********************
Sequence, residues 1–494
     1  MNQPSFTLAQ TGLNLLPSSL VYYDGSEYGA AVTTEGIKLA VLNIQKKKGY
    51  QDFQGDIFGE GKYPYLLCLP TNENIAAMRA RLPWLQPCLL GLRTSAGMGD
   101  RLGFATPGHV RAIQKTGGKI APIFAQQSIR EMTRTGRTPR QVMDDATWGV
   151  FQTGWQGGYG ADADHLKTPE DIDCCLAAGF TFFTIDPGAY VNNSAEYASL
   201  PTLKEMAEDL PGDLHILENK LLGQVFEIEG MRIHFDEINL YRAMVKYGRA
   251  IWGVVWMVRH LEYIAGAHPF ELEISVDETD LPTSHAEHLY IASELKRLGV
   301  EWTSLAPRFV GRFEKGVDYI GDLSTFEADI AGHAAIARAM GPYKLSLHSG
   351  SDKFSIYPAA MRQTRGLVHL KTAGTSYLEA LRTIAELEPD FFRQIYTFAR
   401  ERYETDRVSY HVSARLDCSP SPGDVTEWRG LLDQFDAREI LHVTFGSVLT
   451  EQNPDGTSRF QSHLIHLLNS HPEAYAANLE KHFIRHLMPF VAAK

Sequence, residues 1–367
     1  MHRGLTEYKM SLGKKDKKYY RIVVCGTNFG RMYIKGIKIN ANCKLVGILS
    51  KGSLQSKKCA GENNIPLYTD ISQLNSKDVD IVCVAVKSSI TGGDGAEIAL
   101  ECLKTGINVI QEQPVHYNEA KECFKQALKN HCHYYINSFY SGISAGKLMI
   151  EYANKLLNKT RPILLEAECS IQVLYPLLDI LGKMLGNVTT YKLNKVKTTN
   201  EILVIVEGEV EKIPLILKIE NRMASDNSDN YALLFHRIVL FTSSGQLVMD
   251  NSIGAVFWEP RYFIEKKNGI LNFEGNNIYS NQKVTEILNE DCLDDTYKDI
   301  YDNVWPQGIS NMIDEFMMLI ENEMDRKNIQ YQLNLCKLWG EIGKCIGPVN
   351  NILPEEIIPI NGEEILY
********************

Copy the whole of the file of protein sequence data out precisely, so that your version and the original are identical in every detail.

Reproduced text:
Sequence, residues 1–494
     1  MNQPSFTLAQ TGLNLLPSSL VYYDGSEYGA AVTTEGIKLA VLNIQKKKGY
    51  QDFQGDIFGE GKYPYLLCLP TNENIAAMRA RLPWLQPCLL GLRTSAGMGD
   101  RLGFATPGHV RAIQKTGGKI APIFAQQSIR EMTRTGRTPR QVMDDATWGV
   151  FQTGWQGGYG ADADHLKTPE DIDCCLAAGF TFFTIDPGAY VNNSAEYASL
   201  PTLKEMAEDL PGDLHILENK LLGQVFEIEG MRIHFDEINL YRAMVKYGRA
   251  IWGVVWMVRH LEYIAGAHPF ELEISVDETD LPTSHAEHLY IASELKRLGV
   301  EWTSLAPRFV GRFEKGVDYI GDLSTFEADI AGHAAIARAM GPYKLSLHSG
   351  SDKFSIYPAA MRQTRGLVHL KTAGTSYLEA LRTIAELEPD FFRQIYTFAR
   401  ERYETDRVSY HVSARLDCSP SPGDVTEWRG LLDQFDAREI LHVTFGSVLT
   451  EQNPDGTSRF QSHLIHLLNS HPEAYAANLE KHFIRHLMPF VAAK

Sequence, residues 1–367
     1  MHRGLTEYKM SLGKKDKKYY RIVVCGTNFG RMYIKGIKIN ANCKLVGILS
    51  KGSLQSKKCA GENNIPLYTD ISQLNSKDVD IVCVAVKSSI TGGDGAEIAL
   101  ECLKTGINVI QEQPVHYNEA KECFKQALKN HCHYYINSFY SGISAGKLMI
   151  EYANKLLNKT RPILLEAECS IQVLYPLLDI LGKMLGNVTT YKLNKVKTTN
   201  EILVIVEGEV EKIPLILKIE NRMASDNSDN YALLFHRIVL FTSSGQLVMD
   251  NSIGAVFWEP RYFIEKKNGI LNFEGNNIYS NQKVTEILNE DCLDDTYKDI
   301  YDNVWPQGIS NMIDEFMMLI ENEMDRKNIQ YQLNLCKLWG EIGKCIGPVN
   351  NILPEEIIPI NGEEILY